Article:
Ethical Hacker Certification
The term “ethical hacker” may sound incongruous to many people, but these white hat hackers are vital to the security and survival of many corporations and government agencies. The market demand for these professionals, also called penetration testers, is high. If you want to serve this vital role on a security team, find an ethical hacker certification program and you will be on your way to a challenging, rewarding and necessary career.
A Diverse Role
The role of an ethical hacker is nothing if not multifaceted. You will need to be a master of computer code, network architecture, cryptography, and also writing—and be able to present your findings to upper management. You will also need to learn to think like a criminal who wants to crack into a secured system, but with less time and preparation. A criminal hacker can spend as much time as needed to study a system prior to launching an attack. You, on the other hand, might have a week or two to prepare.
Once you have completed your simulated break-in to a client (or employer) system, you will then need to analyze the scenario and write a detailed report. That report will need to include a breakdown of the problem for management, suggestions for improvements and a plan for how to implement these upgrades or other changes.
Prior to your immersion in Certified Ethical Hacker (CEH) training, you will need to have at least a bachelor’s degree and plenty of experience in a security department. It will be to your benefit to study and practice technical writing, be knowledgeable of managerial and financial concerns within a corporation and have a good working knowledge of system vulnerabilities and the current trends in black hat hacking. You will need well-developed problem-solving skills which can be gained by working in an IT department.
On top of the technical and analytical side of hacking, you will need to know how to manipulate people. Imagine how much easier it will be to break into a server if you are able to gain access to a password. This takes a silver tongue and a knowledge not only of technical vulnerabilities but human weaknesses. As an ethical hacker, you will likely be asked to hack into a client’s computers without ever having set foot on their corporate campus.
To become a CEH you will need to take a course that will prepare you for the examination. During the course, you will face many real-time scenarios that will test your mettle as a hacker and person. You will have many tools—usually over 2,000 total—at your disposal. While you might not use all of them, you will need to know how to use them and be knowledgeable of all of them.
The training to become a CEH is a five-day intensive course. For that, you can either travel to an onsite training facility or take your course online. The online courses are conducted live and in real-time, so it is unlikely that you will be able to work during those days. In the training, you will have a laundry list of learning outcomes that will include these items, and more:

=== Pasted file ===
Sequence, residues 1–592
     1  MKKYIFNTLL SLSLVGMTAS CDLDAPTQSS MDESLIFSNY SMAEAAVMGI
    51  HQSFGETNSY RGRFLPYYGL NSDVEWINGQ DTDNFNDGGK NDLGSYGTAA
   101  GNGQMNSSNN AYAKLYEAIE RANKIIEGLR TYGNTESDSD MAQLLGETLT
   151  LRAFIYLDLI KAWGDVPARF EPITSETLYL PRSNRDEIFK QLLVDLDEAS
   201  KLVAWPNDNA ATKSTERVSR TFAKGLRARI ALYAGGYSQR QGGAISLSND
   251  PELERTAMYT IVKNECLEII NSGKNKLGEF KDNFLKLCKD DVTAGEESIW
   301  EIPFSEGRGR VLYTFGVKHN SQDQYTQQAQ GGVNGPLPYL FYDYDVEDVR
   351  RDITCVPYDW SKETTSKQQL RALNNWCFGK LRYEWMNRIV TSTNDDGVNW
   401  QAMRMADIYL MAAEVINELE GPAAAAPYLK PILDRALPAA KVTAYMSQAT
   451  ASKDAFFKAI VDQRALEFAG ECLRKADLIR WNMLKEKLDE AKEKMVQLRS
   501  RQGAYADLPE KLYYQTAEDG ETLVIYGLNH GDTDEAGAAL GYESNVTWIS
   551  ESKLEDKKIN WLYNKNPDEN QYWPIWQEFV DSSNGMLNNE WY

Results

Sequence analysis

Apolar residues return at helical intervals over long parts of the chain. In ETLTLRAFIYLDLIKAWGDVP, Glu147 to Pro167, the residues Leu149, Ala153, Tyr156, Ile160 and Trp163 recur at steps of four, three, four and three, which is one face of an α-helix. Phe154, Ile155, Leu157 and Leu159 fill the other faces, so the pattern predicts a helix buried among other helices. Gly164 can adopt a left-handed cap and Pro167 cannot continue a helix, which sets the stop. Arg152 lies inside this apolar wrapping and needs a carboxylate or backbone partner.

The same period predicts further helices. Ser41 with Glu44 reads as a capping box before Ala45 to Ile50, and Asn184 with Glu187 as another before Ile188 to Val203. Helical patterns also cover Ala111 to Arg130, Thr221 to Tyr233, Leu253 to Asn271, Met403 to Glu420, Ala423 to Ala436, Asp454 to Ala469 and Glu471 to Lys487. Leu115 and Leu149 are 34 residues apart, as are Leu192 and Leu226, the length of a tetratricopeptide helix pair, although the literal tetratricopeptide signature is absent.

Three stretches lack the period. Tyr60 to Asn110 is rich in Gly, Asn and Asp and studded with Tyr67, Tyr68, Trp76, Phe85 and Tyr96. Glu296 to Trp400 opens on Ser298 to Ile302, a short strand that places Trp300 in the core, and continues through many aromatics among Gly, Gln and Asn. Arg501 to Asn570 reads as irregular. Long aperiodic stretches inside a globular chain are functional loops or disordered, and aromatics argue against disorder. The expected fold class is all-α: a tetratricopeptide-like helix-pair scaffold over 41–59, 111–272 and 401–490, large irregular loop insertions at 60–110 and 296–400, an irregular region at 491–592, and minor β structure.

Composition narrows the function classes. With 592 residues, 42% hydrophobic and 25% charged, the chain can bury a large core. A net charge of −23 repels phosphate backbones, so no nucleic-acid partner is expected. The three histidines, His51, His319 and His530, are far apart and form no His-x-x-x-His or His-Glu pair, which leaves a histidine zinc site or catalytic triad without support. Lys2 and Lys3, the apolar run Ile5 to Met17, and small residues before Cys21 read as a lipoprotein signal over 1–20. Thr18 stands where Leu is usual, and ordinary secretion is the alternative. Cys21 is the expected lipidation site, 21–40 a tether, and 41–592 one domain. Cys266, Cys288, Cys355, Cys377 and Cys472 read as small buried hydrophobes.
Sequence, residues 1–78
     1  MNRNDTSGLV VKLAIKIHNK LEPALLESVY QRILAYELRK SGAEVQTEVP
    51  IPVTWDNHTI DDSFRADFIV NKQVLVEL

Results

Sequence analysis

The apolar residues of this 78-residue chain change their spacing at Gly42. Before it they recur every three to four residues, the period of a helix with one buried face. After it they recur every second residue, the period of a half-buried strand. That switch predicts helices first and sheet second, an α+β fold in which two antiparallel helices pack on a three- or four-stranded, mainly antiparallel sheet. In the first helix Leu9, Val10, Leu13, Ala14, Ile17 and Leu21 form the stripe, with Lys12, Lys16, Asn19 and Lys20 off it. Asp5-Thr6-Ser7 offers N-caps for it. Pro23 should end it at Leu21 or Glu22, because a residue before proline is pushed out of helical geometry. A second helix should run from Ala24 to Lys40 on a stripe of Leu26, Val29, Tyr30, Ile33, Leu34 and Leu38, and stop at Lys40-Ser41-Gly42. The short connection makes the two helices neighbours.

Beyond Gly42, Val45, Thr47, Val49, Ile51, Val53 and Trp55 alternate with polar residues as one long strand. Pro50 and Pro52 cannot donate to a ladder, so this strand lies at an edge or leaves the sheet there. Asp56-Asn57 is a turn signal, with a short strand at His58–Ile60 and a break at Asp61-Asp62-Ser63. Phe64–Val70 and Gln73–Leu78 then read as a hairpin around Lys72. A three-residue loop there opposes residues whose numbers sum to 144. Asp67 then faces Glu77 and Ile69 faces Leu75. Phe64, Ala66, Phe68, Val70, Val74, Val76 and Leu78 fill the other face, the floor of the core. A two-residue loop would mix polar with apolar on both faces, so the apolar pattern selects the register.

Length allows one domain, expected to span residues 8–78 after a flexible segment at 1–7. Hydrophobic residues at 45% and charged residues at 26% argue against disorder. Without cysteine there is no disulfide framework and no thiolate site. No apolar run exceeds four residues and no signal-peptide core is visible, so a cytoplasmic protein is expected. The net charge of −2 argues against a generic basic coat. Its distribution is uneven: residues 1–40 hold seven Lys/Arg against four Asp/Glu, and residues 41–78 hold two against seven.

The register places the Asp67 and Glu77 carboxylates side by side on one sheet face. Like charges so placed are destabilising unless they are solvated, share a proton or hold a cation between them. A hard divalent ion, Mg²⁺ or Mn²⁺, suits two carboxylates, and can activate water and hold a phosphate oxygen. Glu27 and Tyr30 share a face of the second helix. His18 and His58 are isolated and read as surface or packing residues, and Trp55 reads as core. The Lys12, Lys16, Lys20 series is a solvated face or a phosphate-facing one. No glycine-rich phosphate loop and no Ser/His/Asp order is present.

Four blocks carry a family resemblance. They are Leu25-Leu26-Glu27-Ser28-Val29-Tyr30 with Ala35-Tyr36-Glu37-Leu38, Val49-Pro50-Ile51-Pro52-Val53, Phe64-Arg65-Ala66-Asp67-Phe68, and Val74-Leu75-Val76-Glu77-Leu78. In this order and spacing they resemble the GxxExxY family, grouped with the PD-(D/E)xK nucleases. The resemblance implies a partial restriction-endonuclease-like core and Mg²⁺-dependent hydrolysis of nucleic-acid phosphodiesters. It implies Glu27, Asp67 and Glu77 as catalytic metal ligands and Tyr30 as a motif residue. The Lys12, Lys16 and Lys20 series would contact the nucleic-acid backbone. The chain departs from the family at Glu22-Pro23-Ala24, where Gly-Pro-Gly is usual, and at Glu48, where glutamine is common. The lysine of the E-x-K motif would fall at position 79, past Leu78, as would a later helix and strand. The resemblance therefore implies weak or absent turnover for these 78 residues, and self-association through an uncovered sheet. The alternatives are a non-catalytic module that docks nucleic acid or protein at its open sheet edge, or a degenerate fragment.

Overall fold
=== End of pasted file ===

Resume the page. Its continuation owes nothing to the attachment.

- Denial of Service Attacks
- Hacking Applications for the Web
- Mobile Platform Vulnerability
- Implementing Malware
- Hacking Cloud Computers
- Wireless Network Vulnerabilities
- How to Evade Firewalls and Honeypots
- Hijacking Sessions
- How to Scan Networks
The examination and training is constantly being upgraded to include new technologies, such as cloud computing, that are likely targets of hackers. Since the field is constantly changing, you will want to adopt the attitude of a lifelong learner before you sign up to become a CEH. It might also help to be able to put yourself in the mindset of a criminal. After all, they say to catch a criminal you must think like a criminal.
Once you become a CEH, your career can take a dramatic change. You can take on the role of a penetration tester and work as a consultant to corporations and government agencies. If you want to work as a government contractor, it will help if you have some military training. It will be even better if your time in the military included any security clearances. Such experience will earn respect and esteem among your clients, but you can still earn those clearances without having served in the military.
The longer you work as a consultant, the more you will be able to charge your clients, making your earnings potential great. You might even grow your consultancy by taking on newer, less-experienced CEHs. Before you know it, you could have a company that needs to hire its own penetration testers.
Not everyone will want to go out on their own and you may prefer to work with an employer to gain experience. With your certification, the job market will open up and you may seek work under one of these titles:
- Penetration Tester
- System Administrator
- Security Auditor
- Vulnerability Tester
If you decide to remain in your current role, your newfound knowledge and skills will be of immense value in assessing, upgrading and evolving your security protocols. You will have what it takes to analyze the problems your system faces and communicate these to the top executives in a language they understand.
Career Outlook and Salary Expectations
There are many job titles in the cyber security field, and more are being created as the field grows. Nonetheless, the U.S. Bureau of Labor Statistics has figures for the title of Information Security Analyst for you to use as a benchmark for salary and career projections. In 2014, an IS Analyst commanded a median annual salary of $88,890 with a bachelor’s degree and less than 5 years of experience. Their projected growth rate for that title is 18 percent through 2024, which the BLS states is faster than average. Other reports mirror these projections, but you can consult with other CEH professionals once you join their ranks.
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